Archive for the ‘hot weather’ Category

July 17: Rain a sight for dry eyes


Got home this morning after two days in the Dells. And while we were able to mostly tolerate temps in the high 90s because we spent our time on water slides or floating down “rivers” on tubes, I was a bit worried how the veggies and flowers would fare while we were gone.

Fortunately, they looked like they tolerated the excessive heat surprisingly well, although it did appear that a few of the onion tops and bean plants were bent over a bit. Nothing too serious. Didn’t see any deer or other animal tracks, so not sure what caused it. Two and a half days without the sprinkler didn’t seem to hurt anything.
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July 10: Hitting the raspberry motherload

Picked 10 cups of raspberries tonight. Ten cups!

It was like walking into a jungle to pick them — just wild! The bushes were so thick and so full of juicy red berries I had to keep moving branches around to make sure I got all the ripe ones. Every time I thought I could move onto the next set of branches, I’d see a couple more ripe ones.
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July 7-8: Can raspberries get sunburn?

I was picking raspberries Saturday morning when I noticed quite a few of the fruit had white spots on them, some affecting most of the berry. It was the first time I was able to get deep into the patch, and as I weaved my way through it,

Did you know that the individual ‘ball’ on the berry fruit that surrounds the seeds is called a drupelet? Me neither, until today.


Raspberries hiding beneath the leaves.

I kept noticing that berries, mostly ones on or near the top, had white spots.

I was about two-thirds of the way through when it hit me. The raspberries looked like they had sunburn.

The previous seven days were all 90 degrees or hotter, so it made sense that raspberries could suffer the same effects that people out in the sun did. And the white discoloration was the burn, right?.

A quick Google search when I got back into the house confirmed what I thought. White Drupelet Disorder Apparently when sunscald (the equivalent of human sunburn, I guess) “is associated with White Drupelet Syndrome, the side of the fruit exposed to the sun will be white whereas the shaded side will remain normal.”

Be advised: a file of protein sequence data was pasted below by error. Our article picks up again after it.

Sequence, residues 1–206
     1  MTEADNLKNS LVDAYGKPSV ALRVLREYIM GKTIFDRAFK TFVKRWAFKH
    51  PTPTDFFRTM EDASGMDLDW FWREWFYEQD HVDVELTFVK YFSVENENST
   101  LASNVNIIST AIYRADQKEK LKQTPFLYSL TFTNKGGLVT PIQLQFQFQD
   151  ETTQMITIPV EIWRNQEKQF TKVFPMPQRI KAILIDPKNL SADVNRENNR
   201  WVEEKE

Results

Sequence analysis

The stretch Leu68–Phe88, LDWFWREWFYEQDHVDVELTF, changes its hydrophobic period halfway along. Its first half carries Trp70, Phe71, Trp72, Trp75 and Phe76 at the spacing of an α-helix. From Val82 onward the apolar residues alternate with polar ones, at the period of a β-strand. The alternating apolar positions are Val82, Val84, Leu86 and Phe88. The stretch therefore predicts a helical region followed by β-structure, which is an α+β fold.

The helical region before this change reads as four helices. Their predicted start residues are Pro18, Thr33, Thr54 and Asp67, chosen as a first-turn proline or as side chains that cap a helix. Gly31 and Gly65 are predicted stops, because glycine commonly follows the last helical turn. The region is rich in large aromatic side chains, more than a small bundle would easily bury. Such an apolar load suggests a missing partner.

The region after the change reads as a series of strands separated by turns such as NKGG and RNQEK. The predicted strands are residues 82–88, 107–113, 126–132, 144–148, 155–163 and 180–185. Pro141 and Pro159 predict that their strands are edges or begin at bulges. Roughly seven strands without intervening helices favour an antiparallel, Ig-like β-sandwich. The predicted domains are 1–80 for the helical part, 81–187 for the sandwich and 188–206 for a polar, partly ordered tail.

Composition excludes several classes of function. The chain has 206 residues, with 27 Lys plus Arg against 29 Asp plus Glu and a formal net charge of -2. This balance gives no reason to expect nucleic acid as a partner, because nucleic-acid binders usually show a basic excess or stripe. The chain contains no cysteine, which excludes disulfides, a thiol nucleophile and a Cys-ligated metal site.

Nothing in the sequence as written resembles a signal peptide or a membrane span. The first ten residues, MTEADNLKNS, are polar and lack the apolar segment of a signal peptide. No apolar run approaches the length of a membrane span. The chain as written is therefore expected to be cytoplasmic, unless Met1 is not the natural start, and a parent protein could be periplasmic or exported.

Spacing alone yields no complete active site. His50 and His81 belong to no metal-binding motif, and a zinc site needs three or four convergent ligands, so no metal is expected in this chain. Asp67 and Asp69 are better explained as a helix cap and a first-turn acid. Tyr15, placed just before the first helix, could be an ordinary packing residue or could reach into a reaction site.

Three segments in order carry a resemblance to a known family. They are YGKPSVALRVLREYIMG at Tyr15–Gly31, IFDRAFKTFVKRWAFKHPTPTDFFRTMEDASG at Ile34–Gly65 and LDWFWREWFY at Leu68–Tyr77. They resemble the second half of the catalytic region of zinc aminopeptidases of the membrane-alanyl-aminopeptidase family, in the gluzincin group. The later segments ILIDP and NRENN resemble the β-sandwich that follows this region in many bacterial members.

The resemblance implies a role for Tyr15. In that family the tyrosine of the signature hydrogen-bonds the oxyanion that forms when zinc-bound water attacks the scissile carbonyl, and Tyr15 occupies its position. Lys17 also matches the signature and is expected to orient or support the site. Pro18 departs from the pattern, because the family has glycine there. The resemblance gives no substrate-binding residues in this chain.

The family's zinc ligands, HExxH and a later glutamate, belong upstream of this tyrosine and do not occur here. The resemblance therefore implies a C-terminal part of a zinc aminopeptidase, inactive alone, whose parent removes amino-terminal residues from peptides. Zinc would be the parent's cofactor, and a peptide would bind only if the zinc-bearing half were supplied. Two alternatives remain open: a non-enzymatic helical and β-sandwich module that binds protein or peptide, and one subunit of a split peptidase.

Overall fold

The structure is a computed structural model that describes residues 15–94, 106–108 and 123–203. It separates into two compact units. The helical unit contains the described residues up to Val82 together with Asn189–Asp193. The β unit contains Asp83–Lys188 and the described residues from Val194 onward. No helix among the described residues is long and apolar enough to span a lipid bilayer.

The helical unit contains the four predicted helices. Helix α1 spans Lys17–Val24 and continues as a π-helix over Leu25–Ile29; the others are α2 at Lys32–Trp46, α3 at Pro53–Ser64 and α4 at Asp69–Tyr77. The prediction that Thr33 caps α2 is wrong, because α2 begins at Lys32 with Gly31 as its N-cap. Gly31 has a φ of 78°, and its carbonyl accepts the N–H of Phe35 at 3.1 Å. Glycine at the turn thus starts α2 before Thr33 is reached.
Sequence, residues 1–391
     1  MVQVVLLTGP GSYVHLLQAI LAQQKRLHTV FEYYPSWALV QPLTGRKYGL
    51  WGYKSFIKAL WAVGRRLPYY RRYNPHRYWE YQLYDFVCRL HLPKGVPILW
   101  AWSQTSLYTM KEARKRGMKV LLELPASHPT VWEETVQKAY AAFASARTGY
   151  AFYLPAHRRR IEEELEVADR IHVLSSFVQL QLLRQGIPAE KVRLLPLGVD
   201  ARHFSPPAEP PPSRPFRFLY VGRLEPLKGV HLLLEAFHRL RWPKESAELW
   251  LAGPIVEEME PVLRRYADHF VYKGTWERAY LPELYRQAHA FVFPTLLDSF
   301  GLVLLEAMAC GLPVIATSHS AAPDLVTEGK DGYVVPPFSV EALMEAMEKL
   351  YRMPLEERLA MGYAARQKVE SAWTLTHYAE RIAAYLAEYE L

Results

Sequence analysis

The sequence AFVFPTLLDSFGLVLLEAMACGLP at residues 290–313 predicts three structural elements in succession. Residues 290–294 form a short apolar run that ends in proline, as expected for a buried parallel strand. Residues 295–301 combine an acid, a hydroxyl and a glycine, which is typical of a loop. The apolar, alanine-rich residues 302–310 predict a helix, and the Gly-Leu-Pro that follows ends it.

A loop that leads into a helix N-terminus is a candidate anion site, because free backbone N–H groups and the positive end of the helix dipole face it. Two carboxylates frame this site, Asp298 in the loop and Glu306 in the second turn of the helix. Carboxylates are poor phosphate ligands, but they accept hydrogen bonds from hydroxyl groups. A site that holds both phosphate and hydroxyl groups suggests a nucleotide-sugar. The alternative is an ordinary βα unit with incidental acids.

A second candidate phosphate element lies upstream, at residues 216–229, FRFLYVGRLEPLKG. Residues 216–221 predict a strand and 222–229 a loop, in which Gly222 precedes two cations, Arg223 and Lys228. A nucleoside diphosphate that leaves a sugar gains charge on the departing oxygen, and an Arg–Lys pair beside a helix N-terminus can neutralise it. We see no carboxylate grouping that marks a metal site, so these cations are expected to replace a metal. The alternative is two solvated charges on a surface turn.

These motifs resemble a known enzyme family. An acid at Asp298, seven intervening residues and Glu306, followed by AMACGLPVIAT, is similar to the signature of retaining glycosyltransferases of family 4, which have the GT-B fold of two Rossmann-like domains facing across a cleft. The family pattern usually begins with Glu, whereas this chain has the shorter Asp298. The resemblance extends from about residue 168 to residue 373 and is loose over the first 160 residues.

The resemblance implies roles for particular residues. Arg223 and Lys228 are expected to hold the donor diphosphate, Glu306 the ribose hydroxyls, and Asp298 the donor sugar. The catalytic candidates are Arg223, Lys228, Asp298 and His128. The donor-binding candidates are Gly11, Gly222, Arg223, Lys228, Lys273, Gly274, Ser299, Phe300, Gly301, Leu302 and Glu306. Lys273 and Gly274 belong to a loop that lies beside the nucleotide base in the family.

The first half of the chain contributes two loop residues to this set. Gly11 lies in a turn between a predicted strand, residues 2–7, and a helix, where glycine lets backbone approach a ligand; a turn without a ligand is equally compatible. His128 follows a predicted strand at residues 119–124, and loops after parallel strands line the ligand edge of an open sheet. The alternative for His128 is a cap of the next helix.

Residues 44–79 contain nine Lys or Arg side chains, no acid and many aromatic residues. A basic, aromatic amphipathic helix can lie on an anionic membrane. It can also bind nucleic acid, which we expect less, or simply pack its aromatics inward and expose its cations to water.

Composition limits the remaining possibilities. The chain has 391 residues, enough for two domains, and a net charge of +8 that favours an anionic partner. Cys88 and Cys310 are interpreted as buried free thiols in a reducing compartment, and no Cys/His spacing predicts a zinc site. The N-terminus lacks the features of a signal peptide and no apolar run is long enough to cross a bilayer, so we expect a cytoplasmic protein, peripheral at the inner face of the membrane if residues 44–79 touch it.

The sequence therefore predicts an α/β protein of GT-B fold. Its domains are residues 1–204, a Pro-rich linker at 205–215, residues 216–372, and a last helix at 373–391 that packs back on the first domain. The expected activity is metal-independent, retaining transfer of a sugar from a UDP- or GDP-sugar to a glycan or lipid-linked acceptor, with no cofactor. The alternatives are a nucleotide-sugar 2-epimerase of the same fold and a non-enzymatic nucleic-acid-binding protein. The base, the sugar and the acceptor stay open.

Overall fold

Unfortunately, it appears that the only thing one can do to prevent sunscald is to not plant the raspberries in the full sun in the first place.

Given that my back yard is all-sun, all-the-time, my only option might be one of those big patio umbrellas on wheels — you know the kind you can roll around wherever the sun is? Wouldn’t that be a sight!

Well, even with sunscald affecting my raspberry patch, I still picked about two pints of good berries. As Rachel Ray would say — Yum-O!

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July 5-6: Super summer heat great for (most of) garden

I think I’m one of the few people who has actually enjoyed the extreme heat we’ve been having. Yes, I sweat like a pig and get tired much more easily when working in the garden.

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But how can a gardener not like weather that enables fruit and veggies to go wild?

Thankfully, I’ve been able to water when needed, so for the most part, nothing is hurting from the lack of rain.

The peas seem to be hardest hit by the hot temps, at least the early rows I planted, which are somewhat brown despite getting enough moisture.

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July 4: Why is my pumpkin trying to get out of my garden?

Spent two hours in the garden this morning (in 90-degree heat, no less), determined to finish the weeding. Got it all done, plus picked a few peas and the first raspberries of the summer. They were a great addition to my lunch of a BLT with lettuce from my garden and the tomato from the local farmers’ market.

My favorite photo of the day is of my lone pumpkin plant, which sorely looks like it wants out of the garden. It came up near where I had planted pumpkins last year, although it’s much closer to the fence than I ever would have planted it and actually is growing into the raspberry patch.

Since it doesn’t really have anywhere else to go, the pumpkin vines are climbing up over the fence and through it. I like how it looks although I’ll have to keep a close eye on it.

At a previous garden, I didn’t train the vines at all, nor did I watch them. Before I knew it, a pumpkin was growing on the neighbor’s side of the fence about 3 feet off the ground! My neighbor finally had to break it off because it had grown so big I was afraid it was going to fall and splatter all over the place!
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July 3: Baby it’s hot outside

Oh man, it’s hot out. It’s 8:30 p.m. and still 88 degrees. That, combined with a dew point of about 70 has combined to make it miserable. It appears the dog days of summer are here – and it’s only July 3.

I waited until the sun went down a bit to get some weeding time in. Mostly one-handed weeding, because I didn’t want to reopen Monday night’s cut to fingers on my right hand. I spent about only about a half hour pulling weeds around the tomatoes before I was drenched in sweat.

Looking west (after tomatoes were weeded):

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